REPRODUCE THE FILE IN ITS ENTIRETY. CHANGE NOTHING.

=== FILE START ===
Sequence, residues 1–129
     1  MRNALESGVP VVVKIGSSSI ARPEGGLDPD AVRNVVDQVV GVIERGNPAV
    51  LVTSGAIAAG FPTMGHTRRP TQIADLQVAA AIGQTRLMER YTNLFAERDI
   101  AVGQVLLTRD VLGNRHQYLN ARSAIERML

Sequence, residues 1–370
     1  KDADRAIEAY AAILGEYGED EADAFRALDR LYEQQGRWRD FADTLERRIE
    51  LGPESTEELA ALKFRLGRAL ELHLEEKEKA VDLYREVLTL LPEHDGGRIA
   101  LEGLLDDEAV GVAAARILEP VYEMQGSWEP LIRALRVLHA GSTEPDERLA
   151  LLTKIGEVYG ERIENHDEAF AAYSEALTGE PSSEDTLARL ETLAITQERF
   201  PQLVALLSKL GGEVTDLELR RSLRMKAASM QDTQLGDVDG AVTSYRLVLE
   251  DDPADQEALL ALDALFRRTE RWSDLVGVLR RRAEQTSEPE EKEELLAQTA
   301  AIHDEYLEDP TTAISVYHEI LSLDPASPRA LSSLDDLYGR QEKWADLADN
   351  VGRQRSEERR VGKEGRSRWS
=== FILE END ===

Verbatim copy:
Sequence, residues 1–129
     1  MRNALESGVP VVVKIGSSSI ARPEGGLDPD AVRNVVDQVV GVIERGNPAV
    51  LVTSGAIAAG FPTMGHTRRP TQIADLQVAA AIGQTRLMER YTNLFAERDI
   101  AVGQVLLTRD VLGNRHQYLN ARSAIERML

Sequence, residues 1–370
     1  KDADRAIEAY AAILGEYGED EADAFRALDR LYEQQGRWRD FADTLERRIE
    51  LGPESTEELA ALKFRLGRAL ELHLEEKEKA VDLYREVLTL LPEHDGGRIA
   101  LEGLLDDEAV GVAAARILEP VYEMQGSWEP LIRALRVLHA GSTEPDERLA
   151  LLTKIGEVYG ERIENHDEAF AAYSEALTGE PSSEDTLARL ETLAITQERF
   201  PQLVALLSKL GGEVTDLELR RSLRMKAASM QDTQLGDVDG AVTSYRLVLE
   251  DDPADQEALL ALDALFRRTE RWSDLVGVLR RRAEQTSEPE EKEELLAQTA
   301  AIHDEYLEDP TTAISVYHEI LSLDPASPRA LSSLDDLYGR QEKWADLADN
   351  VGRQRSEERR VGKEGRSRWS